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Old 03-21-13, 08:33 AM
  #65  
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Originally Posted by jjvw View Post
New disciples too. I finally got around to selling the racing bike with CF bits and pieces 3 weeks ago. Now my youngest bike is an '83. Different tools for different needs. Different bikes for different expectations. Not everyone is interested in racing. Not everyone swoons over the latest hi-tech inovation.

There is a whole history of interesting things out there. New and old.
I'm a new cyclist; I'm a new disciple of steel and aluminum, too. Bicycling as a child, all I knew was high-tensile steel. Now I can try the good stuff...and it's a different world! Those dead-feeling plastic bikes just hold no interest for me.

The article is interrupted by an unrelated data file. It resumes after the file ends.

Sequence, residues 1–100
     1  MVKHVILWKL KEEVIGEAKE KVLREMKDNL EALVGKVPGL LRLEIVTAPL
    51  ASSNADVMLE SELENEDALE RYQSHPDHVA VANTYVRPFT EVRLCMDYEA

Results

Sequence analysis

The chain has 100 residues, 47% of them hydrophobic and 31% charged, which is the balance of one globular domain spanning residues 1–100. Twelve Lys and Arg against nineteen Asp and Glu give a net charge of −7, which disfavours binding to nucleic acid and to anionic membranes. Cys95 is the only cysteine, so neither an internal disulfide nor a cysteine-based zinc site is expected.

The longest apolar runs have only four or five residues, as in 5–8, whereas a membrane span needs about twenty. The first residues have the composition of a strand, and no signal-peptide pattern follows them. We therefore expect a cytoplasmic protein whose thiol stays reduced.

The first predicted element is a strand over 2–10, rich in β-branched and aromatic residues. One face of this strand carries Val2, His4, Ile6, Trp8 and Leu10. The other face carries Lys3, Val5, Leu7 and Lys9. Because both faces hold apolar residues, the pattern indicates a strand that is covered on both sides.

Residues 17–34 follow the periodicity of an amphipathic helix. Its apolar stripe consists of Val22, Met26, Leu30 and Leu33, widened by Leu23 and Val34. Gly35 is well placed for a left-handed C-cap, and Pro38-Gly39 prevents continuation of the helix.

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Old 03-21-13, 09:40 AM
  #66  
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How can we have a proper CF vs steel argument if we are gonna waste time dissecting whether or not to get sentimental about inanimate objects?
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Old 03-21-13, 11:52 AM
  #67  
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Originally Posted by jjvw View Post
The part that you are missing and dismissing is that we humans have memories. We often associate memories with physical things like tools, toys, food, places, even other people. Your paragraphs upon paragraphs of "not getting it" and mocking those who do is quite insulting. Hence the accusation of self righteousness. I continue to stand by the claim. However, I may be misinterpreting your massive overuse of emoticons. The internet is funny that way. Not everyone uses their tools properly.